In defence of France's examining magistrates

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Last Friday a French court acquitted former International Monetary Fund chief Dominique Strauss-Kahn of aggravated pimping charges, relating to his regular participation in group sex orgies with prostitutes. It followed on the acquittal in May, in an unrelated case, of former conservative minister Éric Woerth of charges that he manipulated senile L’Oréal heiress Liliane Bettencourt to obtain cash sums, and of influence peddling to obtain a job for his wife in exchange for awarding Bettencourt’s wealth investment manager with the Légion d’honneur. The unsuccessful prosecutions prompted some conservatives, and their allies, to call – and not for the first time - for an end to the French system of examining magistrates, the independent judges who lead major crime investigations carried out in the field by police, and who alone have the ultimate decision on whether to press charges. But in this op-ed article, Mediapart’s legal affairs correspondent Michel Deléan argues that such calls are a recurrent knee-jerk reaction on the part of those whose distaste for investigating judges is rooted in the latter’s independence in face of the rich and powerful, as demonstrated over several decades of French judicial history.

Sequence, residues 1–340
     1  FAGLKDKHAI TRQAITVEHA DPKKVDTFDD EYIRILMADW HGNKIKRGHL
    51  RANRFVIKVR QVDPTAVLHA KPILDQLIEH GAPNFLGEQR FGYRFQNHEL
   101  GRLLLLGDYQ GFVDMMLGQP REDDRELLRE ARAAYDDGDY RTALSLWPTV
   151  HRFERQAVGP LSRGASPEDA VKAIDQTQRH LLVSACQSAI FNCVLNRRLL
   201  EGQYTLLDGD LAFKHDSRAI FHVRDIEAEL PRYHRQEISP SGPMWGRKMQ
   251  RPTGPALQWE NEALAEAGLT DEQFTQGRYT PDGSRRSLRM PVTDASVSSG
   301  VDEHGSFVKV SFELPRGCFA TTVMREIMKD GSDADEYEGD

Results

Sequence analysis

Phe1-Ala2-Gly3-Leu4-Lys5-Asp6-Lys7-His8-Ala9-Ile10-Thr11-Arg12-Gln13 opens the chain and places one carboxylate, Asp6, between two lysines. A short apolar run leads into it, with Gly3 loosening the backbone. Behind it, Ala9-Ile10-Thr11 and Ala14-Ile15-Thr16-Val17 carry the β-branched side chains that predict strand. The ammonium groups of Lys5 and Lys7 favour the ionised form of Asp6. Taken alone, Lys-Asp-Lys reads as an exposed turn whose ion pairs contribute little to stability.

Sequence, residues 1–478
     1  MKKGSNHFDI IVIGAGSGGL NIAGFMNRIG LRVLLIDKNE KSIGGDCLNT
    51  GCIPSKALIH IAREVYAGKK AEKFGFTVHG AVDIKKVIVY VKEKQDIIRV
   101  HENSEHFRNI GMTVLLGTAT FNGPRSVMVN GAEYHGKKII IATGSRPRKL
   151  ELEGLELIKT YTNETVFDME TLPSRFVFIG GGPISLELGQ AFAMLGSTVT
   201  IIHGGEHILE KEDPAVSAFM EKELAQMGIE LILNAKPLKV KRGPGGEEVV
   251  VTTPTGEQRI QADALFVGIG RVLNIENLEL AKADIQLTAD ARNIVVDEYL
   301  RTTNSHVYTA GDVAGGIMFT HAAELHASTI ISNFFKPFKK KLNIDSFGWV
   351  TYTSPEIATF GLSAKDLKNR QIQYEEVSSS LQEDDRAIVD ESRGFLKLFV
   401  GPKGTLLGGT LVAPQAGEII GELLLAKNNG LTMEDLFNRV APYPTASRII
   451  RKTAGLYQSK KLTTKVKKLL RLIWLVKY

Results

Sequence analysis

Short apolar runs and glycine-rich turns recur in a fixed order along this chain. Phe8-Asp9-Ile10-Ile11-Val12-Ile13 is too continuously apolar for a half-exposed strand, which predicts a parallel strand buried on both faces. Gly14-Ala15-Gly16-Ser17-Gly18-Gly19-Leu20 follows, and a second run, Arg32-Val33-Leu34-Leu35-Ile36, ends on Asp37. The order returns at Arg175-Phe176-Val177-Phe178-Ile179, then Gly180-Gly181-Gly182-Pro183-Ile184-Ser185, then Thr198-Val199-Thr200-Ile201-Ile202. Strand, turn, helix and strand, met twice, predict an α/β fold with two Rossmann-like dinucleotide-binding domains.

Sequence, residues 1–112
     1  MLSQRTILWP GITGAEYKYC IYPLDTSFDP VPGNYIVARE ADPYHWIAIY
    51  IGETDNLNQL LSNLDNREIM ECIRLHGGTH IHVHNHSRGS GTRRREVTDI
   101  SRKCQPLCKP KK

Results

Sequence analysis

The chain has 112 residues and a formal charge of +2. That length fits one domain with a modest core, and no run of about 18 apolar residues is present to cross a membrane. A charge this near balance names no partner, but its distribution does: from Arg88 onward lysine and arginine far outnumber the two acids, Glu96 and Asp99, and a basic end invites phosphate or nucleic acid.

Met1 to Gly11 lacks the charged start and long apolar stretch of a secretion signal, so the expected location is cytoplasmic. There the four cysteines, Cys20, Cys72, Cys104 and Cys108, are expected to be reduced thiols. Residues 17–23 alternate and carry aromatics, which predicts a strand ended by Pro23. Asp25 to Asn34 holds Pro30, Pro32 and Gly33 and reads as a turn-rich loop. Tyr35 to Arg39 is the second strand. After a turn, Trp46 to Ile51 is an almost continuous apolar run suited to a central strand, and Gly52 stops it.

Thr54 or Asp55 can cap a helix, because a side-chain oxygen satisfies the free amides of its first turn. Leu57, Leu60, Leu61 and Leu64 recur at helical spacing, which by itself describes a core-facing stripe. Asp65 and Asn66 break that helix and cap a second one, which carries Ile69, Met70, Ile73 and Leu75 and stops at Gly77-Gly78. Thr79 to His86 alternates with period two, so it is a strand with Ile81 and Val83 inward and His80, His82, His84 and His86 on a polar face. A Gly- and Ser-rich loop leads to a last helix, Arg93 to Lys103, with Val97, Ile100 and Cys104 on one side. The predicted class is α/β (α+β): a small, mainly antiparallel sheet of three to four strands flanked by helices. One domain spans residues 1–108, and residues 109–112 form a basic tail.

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It was a predictable move. Immediately after the recent acquittal of former conservative minister Éric Woerth of charges of influence peddling and taking advantage of the senile condition of billionaire Liliane Bettencourt in two separate trials arising from the so-called ‘Bettencourt affair’, and that last Friday of former International Monetary Fund chief Dominique Strauss-Kahn of pimping charges in ‘the Carlton affair’, a number of influential figures jubilantly struck out against France’s examining magistrates.